Each day, I astounded my buddy with how little I know about how to get anywhere in this town or its main attractions. When they asked me what route I usually take at the zoo, I had to admit that most of the time, I wander aimlessly and just end up at stuff (life metaphor alert). Then, because I’ve been thinking in sitcom terms lately (a side effect of having no original thoughts of my own), I thought of that “Will and Grace” where Grace just met Leo and he wanted to go for a bike ride and she gasped and told Will, “He thinks I actually do stuff.”


Either way, throughout the trip, comparisons haunted me. She’s more directional than I am, more family-oriented, more calm, more together. I hate that I do that, but there it is. My friend, who I’ve known since high school, is one focused lady. Her parenting and discipline approach struck me as perfect, and strategic, because everything she did or said to her kids had a purpose, and that purpose was, “you’re going to learn to be great people.” As a result, her children behaved, not in a mindless, robotic way, but a “we choose to be great people way because we’re being raised with kindness, a firm hand, and positivity” way.


Meanwhile, I’m still wondering what the hell to do with Toots. She’s a challenging one, and I plan to write more about her later. Mostly, I will write about the not knowing what to do part. I’m at a loss regarding how to handle her personality. Also, I want to describe more fully how my friend parents her children, because I found it amazingly effective, and I’m scared that she’s gone, because I need step-by-step tutorials to emulate her style.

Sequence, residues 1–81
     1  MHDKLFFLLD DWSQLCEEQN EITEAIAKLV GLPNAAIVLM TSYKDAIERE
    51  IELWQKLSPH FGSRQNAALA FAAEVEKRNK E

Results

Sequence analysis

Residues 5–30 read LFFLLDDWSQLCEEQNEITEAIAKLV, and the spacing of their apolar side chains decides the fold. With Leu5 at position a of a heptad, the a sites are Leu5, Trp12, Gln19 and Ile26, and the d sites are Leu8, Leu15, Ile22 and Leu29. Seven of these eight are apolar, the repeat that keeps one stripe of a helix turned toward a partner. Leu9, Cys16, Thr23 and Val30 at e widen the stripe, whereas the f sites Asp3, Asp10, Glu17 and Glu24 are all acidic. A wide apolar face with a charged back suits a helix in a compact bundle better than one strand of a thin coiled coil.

But first, I need to write about the Legoland throwdown.


It’s silly, really, but i have a thing with rude people. Rude, entitled-acting people who believe the world should revolve around them. Also, I have a thing about goombah husbands. When these two elements combine with sore muscles and a never-ending snot stream, it’s the perfect storm and I’m ready to rumble. Oh! And if there’s an underdog involved, forget it. Out come my brass knuckles.